Reviews - What do customers think about El Pequeno Rainman?
Disappointing Jan 30, 2007
I was thoroughly disappointed in this book and plain didn't like it. The handwritten font was the least of my objections regarding this work. It is easy to see where and how the pictures could cause some confusion. One of the challenges many people on the autism spectrum have is being able to decode facial expressions.
My chief complaint about this book is the title. I think the 1988 movie "Rain Man" has done more to reinforce stereotypes about autism than it ever did to foster understanding. The term "Rain Man" is considered highly offensive in many autism/Asperger's circles and is best avoided.
I am good and tired of people with autism being portrayed as rocking; staring fixedly at something; spinning objects or watching anything that rotates; demonstrating savant abilities and having no viable social skills. That stereotypical behavior simply does not apply to the entire autistic population. Savantism applies to roughly a little less than 10% of the autistic population. Autism is a neurobiological condition that affects sensory processing and communication. The range and variations are as great as there are individuals with autism. Seriously, I rue the release of the movie "Rain Man" and sincerely hope the term and image of "Rain Man" will not be so liberally applied to people with autism. That hurts all and helps no one.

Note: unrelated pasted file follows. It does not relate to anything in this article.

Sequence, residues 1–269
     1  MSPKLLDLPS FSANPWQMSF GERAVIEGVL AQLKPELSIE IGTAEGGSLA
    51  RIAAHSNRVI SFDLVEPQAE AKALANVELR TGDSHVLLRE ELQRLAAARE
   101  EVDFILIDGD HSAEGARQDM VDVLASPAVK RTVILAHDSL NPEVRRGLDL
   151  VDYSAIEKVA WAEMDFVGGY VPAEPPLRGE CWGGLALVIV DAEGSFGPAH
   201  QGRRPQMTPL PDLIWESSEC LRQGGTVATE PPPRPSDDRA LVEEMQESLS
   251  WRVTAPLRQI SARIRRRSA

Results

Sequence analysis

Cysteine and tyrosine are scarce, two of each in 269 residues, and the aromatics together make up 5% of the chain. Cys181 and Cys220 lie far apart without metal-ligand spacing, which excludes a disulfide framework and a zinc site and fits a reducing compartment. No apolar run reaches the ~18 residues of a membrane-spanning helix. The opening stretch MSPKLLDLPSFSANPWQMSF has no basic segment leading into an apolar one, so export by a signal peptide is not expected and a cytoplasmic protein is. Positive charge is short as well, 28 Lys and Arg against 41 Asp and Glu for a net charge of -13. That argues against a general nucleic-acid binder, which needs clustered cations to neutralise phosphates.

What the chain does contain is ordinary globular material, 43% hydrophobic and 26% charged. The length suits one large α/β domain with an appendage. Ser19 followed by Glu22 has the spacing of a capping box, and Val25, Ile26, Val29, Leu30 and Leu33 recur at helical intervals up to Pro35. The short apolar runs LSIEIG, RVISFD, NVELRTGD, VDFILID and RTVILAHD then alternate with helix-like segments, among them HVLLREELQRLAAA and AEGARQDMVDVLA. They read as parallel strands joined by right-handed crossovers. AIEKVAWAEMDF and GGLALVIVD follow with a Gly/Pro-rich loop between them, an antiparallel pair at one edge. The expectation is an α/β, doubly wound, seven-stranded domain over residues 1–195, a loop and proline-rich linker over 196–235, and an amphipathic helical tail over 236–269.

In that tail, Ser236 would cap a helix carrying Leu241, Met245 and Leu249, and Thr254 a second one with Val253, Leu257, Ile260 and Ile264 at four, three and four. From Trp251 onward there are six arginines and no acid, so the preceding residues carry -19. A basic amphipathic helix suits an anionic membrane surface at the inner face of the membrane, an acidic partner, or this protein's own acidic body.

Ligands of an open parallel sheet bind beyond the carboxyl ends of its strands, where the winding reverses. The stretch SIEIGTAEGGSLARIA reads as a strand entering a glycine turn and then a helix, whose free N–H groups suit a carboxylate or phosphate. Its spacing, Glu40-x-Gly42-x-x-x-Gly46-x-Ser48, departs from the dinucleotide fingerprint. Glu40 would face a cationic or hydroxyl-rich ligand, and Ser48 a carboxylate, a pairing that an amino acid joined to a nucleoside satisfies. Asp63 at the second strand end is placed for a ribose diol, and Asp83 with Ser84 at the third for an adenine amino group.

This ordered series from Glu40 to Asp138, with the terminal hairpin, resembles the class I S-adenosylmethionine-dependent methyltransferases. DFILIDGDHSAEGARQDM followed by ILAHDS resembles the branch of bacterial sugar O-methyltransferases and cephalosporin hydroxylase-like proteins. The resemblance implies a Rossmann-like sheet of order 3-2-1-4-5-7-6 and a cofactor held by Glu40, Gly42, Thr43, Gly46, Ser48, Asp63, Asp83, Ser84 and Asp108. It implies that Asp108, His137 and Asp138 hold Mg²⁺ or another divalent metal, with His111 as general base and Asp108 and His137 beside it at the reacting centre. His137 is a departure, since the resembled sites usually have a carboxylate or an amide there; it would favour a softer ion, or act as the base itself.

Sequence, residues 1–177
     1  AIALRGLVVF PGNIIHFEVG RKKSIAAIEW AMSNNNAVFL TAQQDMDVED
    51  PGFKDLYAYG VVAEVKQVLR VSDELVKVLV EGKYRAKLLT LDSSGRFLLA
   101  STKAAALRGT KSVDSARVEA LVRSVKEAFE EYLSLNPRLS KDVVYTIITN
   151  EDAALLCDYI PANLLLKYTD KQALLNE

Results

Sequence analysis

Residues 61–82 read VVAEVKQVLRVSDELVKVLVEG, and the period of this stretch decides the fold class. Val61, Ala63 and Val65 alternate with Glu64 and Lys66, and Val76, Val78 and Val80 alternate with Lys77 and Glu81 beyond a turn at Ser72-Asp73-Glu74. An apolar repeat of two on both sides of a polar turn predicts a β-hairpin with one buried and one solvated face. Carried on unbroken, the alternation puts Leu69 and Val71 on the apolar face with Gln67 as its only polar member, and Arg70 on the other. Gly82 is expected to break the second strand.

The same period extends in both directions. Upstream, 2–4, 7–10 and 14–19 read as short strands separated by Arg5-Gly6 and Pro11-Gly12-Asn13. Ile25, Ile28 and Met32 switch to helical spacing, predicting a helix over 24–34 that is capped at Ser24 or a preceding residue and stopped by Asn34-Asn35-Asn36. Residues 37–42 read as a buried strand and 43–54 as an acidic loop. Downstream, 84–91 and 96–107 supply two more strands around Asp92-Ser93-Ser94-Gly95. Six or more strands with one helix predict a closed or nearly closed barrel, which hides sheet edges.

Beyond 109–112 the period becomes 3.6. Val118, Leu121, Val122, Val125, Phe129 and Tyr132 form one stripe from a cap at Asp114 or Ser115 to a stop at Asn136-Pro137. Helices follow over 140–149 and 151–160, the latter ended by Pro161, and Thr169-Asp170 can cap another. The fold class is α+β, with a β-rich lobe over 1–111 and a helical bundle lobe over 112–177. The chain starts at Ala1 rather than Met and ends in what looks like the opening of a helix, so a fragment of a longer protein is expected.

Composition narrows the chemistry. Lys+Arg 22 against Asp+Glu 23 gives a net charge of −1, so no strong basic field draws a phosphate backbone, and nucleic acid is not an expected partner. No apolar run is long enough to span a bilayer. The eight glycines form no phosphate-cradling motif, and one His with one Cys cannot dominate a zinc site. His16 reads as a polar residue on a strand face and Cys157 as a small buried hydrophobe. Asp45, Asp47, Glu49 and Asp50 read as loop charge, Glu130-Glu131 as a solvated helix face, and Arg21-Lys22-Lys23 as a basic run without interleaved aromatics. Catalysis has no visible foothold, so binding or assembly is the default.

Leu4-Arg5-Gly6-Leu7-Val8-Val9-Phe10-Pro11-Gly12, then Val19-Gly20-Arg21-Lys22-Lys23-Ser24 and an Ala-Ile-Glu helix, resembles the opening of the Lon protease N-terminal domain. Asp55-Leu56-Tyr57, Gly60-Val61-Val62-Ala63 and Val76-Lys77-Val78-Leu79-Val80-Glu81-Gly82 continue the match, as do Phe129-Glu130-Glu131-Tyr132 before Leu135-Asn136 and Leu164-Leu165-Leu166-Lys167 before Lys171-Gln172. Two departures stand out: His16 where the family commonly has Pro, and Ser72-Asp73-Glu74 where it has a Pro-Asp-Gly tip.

I didn't think this one was helpful at all and would recommend "Autism Through a Sister's Eyes," "All About My Brother," "Views From Our Shoes: Growing Up With a Brother or Sister With Special Needs," "Ian's Walk" and "My Brother Kevin Has Autism" instead. These are excellent books that explore sibling issues and foster understanding and acceptance of autism.
If this book helped others understand the underlying rationale for behaviors associated with the condition and provided understanding, that is to the good.